This four-volume laboratory manual contains comprehensive state-of-the-art protocols essential for research in the life sciences. Techniques are presented in a friendly step-by-step fashion, providing useful tips and potential pitfalls. The important steps and results are beautifully illustrated for further ease of use. This collection enables researchers at all stages of their careers to embark on basic biological problems using a variety of technologies and model systems.
This thoroughly updated third edition contains 165 new articles in classical as well as rapidly emerging technologies.
Topics covered include:
- Cell and Tissue Culture: Associated Techniques, Viruses, Antibodies, Immunocytochemistry (Volume 1)
- Organelle and Cellular Structures, Assays (Volume 2)
- Imaging Techniques, Electron Microscopy, Scanning Probe and Scanning Electron Microscopy, Microdissection, Tissue Arrays, Cytogenetics and In Situ Hybridization, Genomics and Transgenic Knockouts and Knock-down Methods (Volume 3)
- Transfer of Macromolecules, Expression Systems, Gene Expression Profiling (Volume 4)
- Indispensable bench companion for every life science laboratory
- Provides the latest information on the plethora of technologies needed to tackle complex biological problems
- Includes numerous illustrations, some in full color, supporting steps and results
Cell biologists, molecular biologists, biochemists, biotechnologists, geneticists, neuroscientists, microbiologists, developmental biologists, toxicologists, and virologists.
Contents of Volume 1: Part A. Cell and Tissue Culture: Associated Techniques. Section 1. General Techniques. Section 2. Culture of Specific Cell Types: Stem Cells. Section 3. Culture of Specific Cell Types: Haemopoietic, Mesenchymal, and Epithelial. Section 4. Differentiation and Reprogramming of Somatic Cells. Section 5. Immortalisation. Section 6. Somatic Cell Hybrids. Section 7. Cell Separation Techniques. Section 8. Cell Cycle Analysis. Section 9. Cytotoxic and Cell Growth Assays. Section 10. Apoptosis. Section 11. Assays of Cell Transformation, Tumorigenesis, Invasion and Wound Healing. Section 12. Electrophysiological Methods. Section 13. Organ Cultures.
Part B. Viruses. Section 14. Growth and Purification of Viruses.
Part C. Antibodies. Section 15. Production and Purification of Antibodies.
Part D. Immunocytochemistry. Section 16. Immunofluoresence.
Part E. Appendix.
Contents of Volume 2: Part A. Organelles and Cellular Structures. Section 1. Isolation: Plasma Membrane, Organelles, and Cellular Structures. Section 2. Vital Staining of Cells/Organelles. Section 3. Protein Purification.
Part B. Assays. Section 4. Endocytic and Exocytic Pathways. Section 5. Membranes. Section 6. Mitochondria. Section 7. Nuclear Transport. Section 8. Chromatin Assembly. Section 9. Signal Transduction Assays. Section 10. Assays and Models of in Vitro and in Vitro Motility. Section 11. Mechanical Stress in Single Cells.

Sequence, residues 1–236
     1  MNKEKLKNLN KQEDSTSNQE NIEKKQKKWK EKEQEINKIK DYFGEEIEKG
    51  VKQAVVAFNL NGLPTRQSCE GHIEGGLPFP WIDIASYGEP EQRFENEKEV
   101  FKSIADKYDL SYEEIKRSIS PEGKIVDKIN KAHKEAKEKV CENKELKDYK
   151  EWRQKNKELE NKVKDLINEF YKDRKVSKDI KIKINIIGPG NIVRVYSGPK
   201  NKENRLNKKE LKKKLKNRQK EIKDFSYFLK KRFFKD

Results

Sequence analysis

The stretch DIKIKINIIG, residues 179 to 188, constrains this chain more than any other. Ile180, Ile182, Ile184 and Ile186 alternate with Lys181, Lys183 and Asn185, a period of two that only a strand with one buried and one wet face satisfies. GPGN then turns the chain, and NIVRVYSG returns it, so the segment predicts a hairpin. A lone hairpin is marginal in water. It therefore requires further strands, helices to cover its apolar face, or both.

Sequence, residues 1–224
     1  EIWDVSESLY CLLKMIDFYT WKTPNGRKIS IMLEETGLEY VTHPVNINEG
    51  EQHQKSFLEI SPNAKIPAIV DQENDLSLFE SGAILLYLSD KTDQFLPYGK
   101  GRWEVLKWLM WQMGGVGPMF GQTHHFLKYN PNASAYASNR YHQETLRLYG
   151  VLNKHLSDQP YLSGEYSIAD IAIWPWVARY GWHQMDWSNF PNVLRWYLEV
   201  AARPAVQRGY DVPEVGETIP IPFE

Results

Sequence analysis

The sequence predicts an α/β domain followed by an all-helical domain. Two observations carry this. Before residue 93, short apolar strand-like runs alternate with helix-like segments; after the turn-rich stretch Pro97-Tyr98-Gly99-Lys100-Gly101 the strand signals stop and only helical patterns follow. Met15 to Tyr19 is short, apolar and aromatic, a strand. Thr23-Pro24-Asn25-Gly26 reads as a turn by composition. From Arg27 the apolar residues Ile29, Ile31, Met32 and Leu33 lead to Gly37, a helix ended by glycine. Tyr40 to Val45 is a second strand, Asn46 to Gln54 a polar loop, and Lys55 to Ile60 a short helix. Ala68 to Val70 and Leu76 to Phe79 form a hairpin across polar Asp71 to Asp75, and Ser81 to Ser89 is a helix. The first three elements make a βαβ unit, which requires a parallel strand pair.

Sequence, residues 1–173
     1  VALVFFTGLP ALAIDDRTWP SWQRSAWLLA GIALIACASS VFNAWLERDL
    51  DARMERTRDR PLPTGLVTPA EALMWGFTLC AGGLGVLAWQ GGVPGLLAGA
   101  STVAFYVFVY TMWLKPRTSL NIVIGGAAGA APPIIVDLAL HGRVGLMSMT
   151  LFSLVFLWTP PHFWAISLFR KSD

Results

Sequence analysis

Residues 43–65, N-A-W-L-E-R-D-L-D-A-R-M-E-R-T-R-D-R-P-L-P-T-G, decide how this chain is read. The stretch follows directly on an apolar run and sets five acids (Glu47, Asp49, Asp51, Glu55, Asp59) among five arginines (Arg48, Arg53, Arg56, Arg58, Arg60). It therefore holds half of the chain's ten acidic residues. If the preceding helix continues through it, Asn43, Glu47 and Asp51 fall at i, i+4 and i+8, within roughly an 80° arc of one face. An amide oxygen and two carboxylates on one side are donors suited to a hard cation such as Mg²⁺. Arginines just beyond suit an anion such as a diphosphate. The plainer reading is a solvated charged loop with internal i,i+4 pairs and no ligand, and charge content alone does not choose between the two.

Part C. Appendix.
Contents of Volume 3. Part A. Imaging Techniques. Section 1. Light Microscopy. Section 2. Digital Video Microscopy. Section 3. Confocal Microscopy of Living Cells and Fixed Cells. Section 4. Fluorescent Microscopy of Living Cells. Section 5. Use of Fluorescent Dyes for Studies of Intracellular Physiological Parameters. Section 6. Digital Image Processing, Analysis, Storage, and Display.
Part B. Electron Microscopy. Section 7. Specimen Preparation Techniques. Section 8. Cryotechniques. Section 9. Electron Microscopy Studies of the Cytoskeleton. Section 10. Immunoelectron Microscopy.
Part C. Scanning Probe and Scanning Electron Microscopy. Section 11. Scanning Probe and Scanning Electron Microscopy.
Part D. Microdissection. Section 12. Tissue and Chromosome Microdissection.
Part E. Tissue Arrays. Section 13. Tissue Arrays.
Part F. Cytogenetics and in Situ Hybridisation Section 14. Cytogenetics. Section 15. In Situ Hybridisation.
Part G. Genomics. Section 16. Genomics.
Part H. Transgenic, Knockouts, and Knockdown Methods. Section 17. Transgenic, Knockouts and knock-down methods.
Contents of Volume 4. Part A. Transfer of Macromolecules. Section 1. Proteins. Section 2. Genes. Section 3. Somatic Cell Nuclear Transfer.
Part B. Expression Systems. Section 4. Expression Systems.
Part C. Gene Expression Profiling. Section 5. Differential Gene Expression.
Part D. Proteins. Section 6. Protein Determination and Analysis. Section 7. Sample Fractionation for Proteomics. Section 8. gel Electrophoresis. Section 9. Detection of Proteins in Gels. Section 10. Gel Profiling of Posttranslationally Modified Proteins. Section 11. Protein/Protein and Protein/Small Molecule Interactions. Section 12. Functional Proteomics. Section 13. Protein/DNA Interactions. Section 14. Protein Degradation. Section 15. Mass Spectrometry: Protein Identification and Interactions.